Some Steps That Can Help Protect You As The Executor Of A Loved One’s Estate
Being chosen to serve as the executor of an estate can feel like an honor. On top of feeling honored, if you just found out you’re named as the executor of a loved one’s Will, you might be feeling obligated to accept the job. However, before you accept to serve as the executor of your deceased loved one’s estate, you need to know that there may be risks involved in being the executor of an estate. That said, you should not be too quick to hand over the job to someone else. There is a reason your loved one trusted you to be their executor. Your loved one likely chose you because they knew that you possess the capabilities to be an excellent executor. Indeed, there are some risks that come with being an executor, but there are steps you can take to protect yourself as the executor of your loved one’s estate.
If you decide to take on the role of executor, below are some steps you can take to protect yourself. If you follow these steps, focus, and carefully plan, you can be a successful executor.
Follow the Wishes of the Decedent
The first crucial thing you should do as the executor of your deceased loved one’s estate is to ensure you follow the wishes written in the “Will”. If you do not understand something or find something confusing, ask for clarification before taking any action. As the person in charge of administering your deceased loved one’s estate, you have a duty to do so in line with the terms of the Will and the law. If you fail to follow the decedent’s Will, you may be held personally responsible for any breaches. You can find yourself being held responsible even if you committed a genuine mistake. So, ensure you seek clarification if you don’t understand something or find something confusing.
Secure Property as Soon as Possible
You should secure your loved one’s assets as soon as possible after being officially appointed as the personal representative. Once you secure the assets, ensure that you thoroughly inventory them. This way, you can prevent friends and family members from taking some assets before you begin administering the estate. Securing and inventorying property without delay can help you avoid being accused of taking property and protect property for the beneficiaries. Remember, executors have the duty to keep property safe and secure until it is distributed to beneficiaries.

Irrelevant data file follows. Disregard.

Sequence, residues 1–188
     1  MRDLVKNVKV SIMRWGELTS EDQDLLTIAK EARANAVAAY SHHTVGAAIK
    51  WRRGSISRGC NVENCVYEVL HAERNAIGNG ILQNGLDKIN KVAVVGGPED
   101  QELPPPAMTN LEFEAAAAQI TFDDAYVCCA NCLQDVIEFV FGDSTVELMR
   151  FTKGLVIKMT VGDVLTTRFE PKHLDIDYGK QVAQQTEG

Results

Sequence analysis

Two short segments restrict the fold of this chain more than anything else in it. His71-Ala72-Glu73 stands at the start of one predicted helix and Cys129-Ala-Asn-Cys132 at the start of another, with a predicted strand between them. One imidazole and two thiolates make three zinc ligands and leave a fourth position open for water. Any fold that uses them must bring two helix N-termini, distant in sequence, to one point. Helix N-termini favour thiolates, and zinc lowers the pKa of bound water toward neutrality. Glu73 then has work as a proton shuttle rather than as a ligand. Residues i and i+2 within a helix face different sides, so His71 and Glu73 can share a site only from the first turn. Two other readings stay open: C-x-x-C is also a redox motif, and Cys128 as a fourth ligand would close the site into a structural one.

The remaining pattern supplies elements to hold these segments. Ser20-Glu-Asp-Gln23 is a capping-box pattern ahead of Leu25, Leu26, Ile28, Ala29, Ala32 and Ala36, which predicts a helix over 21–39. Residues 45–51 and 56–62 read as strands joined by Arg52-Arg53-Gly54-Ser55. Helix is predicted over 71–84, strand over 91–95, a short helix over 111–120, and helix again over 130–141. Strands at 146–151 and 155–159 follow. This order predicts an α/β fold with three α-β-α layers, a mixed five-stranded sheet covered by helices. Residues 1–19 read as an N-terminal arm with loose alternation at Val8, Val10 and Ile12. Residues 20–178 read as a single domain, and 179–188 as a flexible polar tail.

Keep a Record of Everything You Do
Lastly, once you start serving as the executor of your loved one’s estate, it is important that you ensure that you keep a record of everything you do. For example, whenever you handle any financial responsibilities for the estate, keep a record of what you did and when. Documentation can help you avoid being accused of, among other things, negligence. Also, if you are accused of something, documentation can help you prove that you appropriately did your job.
Contact a Fort Lauderdale Probate Attorney
If you just found out you are named as the executor in a loved one’s Will, reach out to our Fort Lauderdale probate attorneys for legal guidance.